Carpal Tunnel Syndrome – Myths and Facts
What is Carpal Tunnel?
The Carpal Tunnel is a small passage at the lower end of the palm, located at the base of the palmer side which connects the forearm to the deep plane of the palm. It consists of nine tendons and a median nerve which affect the overall functioning of the nerve. The nine tendons and the nerve found in the carpal tunnel are covered on three sides with bone and a ligament. The carpal tunnel is important because it envelops the median nerve which is responsible for sensation to the thumb, index finger, middle finger and partially to the ring finger.
What is Carpal Tunnel Syndrome?
When the median nerve in the carpal tunnel gets pressurized, it causes tingling pain in the fingers or loss of sensation temporarily, this compression neuropathy (disease related to the nervous system) is known as the Carpal Tunnel Syndrome. The exact cause of this disease is not known but the most commonly accepted ones are inflammation and swelling in and around the tendons, fluid retention, tumour, diabetes, trauma to the wrist, over use or dislocation.
Myths & Facts
Though CTS is a widespread disease, there are still various myths clouding its facts.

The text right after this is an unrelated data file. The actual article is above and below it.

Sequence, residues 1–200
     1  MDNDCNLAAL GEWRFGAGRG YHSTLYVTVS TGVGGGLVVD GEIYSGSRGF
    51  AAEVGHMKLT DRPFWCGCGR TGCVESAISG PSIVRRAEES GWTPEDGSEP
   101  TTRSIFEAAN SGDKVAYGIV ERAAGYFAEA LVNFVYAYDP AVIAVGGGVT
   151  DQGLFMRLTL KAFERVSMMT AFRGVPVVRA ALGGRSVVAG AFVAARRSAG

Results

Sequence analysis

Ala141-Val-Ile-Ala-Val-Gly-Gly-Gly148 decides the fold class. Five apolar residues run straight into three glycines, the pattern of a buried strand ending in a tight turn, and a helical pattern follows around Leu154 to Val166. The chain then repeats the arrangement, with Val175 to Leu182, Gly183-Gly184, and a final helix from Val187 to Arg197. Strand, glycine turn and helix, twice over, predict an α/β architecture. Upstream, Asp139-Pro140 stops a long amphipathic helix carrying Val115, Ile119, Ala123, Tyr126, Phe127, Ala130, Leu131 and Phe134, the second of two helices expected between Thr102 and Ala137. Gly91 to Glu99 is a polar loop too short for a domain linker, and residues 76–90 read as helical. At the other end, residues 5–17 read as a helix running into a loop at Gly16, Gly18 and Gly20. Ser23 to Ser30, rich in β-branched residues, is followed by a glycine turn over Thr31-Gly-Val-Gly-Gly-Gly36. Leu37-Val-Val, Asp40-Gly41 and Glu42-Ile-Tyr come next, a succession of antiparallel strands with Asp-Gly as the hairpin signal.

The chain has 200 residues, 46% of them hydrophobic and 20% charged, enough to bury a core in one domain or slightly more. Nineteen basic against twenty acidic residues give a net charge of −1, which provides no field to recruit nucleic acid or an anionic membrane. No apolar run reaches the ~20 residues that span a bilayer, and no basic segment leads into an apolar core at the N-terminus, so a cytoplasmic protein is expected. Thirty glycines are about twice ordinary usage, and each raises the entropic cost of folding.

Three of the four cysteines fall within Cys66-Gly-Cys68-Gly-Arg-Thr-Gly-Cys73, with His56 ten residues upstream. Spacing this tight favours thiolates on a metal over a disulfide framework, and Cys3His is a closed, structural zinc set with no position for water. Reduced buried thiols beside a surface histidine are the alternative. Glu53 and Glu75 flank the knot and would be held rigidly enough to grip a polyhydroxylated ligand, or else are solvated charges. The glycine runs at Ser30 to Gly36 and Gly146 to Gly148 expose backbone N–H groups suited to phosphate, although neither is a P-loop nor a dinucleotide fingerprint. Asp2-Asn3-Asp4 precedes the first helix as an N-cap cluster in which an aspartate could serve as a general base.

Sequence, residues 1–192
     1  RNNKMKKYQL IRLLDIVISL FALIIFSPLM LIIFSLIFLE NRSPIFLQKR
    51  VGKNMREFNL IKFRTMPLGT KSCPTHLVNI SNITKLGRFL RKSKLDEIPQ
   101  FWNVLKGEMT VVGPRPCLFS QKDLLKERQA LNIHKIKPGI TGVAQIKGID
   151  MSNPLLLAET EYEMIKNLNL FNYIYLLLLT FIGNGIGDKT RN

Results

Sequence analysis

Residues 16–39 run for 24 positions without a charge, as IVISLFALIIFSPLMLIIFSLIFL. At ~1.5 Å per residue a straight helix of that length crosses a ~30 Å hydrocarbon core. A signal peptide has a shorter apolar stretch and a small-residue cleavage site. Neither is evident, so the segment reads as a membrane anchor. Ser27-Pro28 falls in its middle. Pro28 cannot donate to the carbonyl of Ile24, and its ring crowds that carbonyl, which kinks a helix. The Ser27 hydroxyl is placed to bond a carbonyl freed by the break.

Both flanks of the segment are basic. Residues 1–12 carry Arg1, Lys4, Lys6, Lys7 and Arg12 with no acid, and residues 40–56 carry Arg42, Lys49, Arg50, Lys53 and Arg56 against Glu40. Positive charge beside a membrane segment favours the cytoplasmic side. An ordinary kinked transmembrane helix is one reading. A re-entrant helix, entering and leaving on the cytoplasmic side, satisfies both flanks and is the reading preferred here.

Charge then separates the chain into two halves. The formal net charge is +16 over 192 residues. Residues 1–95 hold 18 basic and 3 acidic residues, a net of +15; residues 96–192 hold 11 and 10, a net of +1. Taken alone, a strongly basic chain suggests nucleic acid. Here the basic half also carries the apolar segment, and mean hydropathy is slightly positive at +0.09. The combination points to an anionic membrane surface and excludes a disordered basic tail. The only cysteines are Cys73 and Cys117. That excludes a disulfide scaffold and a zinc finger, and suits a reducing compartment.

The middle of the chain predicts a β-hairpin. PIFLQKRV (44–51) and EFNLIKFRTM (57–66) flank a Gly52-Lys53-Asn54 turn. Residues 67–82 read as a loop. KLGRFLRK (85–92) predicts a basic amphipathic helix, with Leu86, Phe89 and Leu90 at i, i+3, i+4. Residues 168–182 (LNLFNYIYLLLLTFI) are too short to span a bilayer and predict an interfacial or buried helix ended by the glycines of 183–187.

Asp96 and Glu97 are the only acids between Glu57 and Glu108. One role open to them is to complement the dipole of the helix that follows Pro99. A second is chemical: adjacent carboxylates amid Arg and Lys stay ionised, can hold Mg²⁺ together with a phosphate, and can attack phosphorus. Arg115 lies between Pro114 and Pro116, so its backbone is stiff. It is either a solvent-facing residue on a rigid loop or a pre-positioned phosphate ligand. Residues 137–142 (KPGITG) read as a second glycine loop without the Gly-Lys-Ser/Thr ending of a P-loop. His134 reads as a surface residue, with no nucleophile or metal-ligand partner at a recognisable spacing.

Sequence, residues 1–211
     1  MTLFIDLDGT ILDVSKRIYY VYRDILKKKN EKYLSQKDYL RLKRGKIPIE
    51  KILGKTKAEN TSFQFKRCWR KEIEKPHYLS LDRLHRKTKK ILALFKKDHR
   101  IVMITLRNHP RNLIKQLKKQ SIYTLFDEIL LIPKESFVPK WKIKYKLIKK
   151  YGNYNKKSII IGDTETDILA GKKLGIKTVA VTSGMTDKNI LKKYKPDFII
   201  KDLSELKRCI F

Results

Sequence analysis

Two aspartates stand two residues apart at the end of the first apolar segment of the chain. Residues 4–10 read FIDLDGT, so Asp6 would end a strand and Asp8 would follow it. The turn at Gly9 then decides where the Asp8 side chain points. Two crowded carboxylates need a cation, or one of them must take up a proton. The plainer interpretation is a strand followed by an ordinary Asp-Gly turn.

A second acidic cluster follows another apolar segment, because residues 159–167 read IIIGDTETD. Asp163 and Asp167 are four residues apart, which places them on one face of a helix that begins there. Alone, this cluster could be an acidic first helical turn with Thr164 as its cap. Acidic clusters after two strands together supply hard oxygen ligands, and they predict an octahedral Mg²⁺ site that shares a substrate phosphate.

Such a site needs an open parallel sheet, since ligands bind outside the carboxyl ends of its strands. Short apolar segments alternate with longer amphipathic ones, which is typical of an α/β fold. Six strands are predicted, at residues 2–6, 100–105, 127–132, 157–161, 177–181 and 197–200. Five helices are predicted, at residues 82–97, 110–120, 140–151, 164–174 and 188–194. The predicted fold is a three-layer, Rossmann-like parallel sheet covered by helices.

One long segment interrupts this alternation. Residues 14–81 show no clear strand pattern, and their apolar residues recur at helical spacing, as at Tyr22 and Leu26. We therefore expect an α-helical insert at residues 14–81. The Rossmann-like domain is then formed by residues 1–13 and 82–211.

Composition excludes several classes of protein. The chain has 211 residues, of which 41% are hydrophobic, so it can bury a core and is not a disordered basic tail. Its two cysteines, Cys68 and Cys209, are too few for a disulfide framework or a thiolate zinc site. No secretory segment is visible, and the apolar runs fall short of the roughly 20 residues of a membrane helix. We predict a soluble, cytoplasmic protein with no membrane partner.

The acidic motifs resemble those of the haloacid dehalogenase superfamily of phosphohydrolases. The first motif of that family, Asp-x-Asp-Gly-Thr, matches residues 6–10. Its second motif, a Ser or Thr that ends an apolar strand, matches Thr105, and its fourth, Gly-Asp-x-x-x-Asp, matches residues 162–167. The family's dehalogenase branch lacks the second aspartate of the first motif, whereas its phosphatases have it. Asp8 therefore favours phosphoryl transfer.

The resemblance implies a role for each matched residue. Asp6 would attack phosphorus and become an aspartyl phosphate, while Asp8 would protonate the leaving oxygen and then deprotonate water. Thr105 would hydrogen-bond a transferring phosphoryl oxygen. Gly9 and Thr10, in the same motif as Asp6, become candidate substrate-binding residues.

- Myth #1 It only happens when you work long hours on a keyboard instrument (computers, pianos, etc).
Fact –There are a number of patients suffering from CTS who have never indulged in any kind of keyboard activity and hence it cannot be the only cause of CTS. CTS is caused by any kind of physical activity that involves pressure application on flexed wrists like cycling, motorcycle riding, tennis and more. Sometimes it also develops with age.
- Myth #2 Pain in the palmer region indicates you have CTS.
Fact– Any pain in the palm region is not indicative of the CTS. In facr, CTS has a fixed set of symptoms like numbness, weakness, loss of grip, tingling pain and more. The pain in your palmer region might stem from other arthritic issues too.
- Myth #3 You can feel CTS effects only when you use the wrist.
Fact – There have been cases with people waking up in the middle of the night because of the numbness of their hands or loss of sensation. They find temporary relief in flexing the wrist in a particular position that relieves pressure on the median nerve and causes the restoration of its functions.
- Myth #4 It can be cured by surgery alone
Fact – There are alternative cures to CTS like a wrist brace, used to flex the wrist in an upward or downward position for relieving pressure.
- Myth #5 Recovery from the surgery is a lengthy affair
Fact – If you’ve had a surgery, recovery might take a maximum of 6 weeks depending on other complexities you face like diabetes, etc. Light exercises are recommended once the sutures are off in the first two weeks, gradually progressing to strenuous exercises.
If there is persisting pain in your palm region, then maybe it is time to see your physician!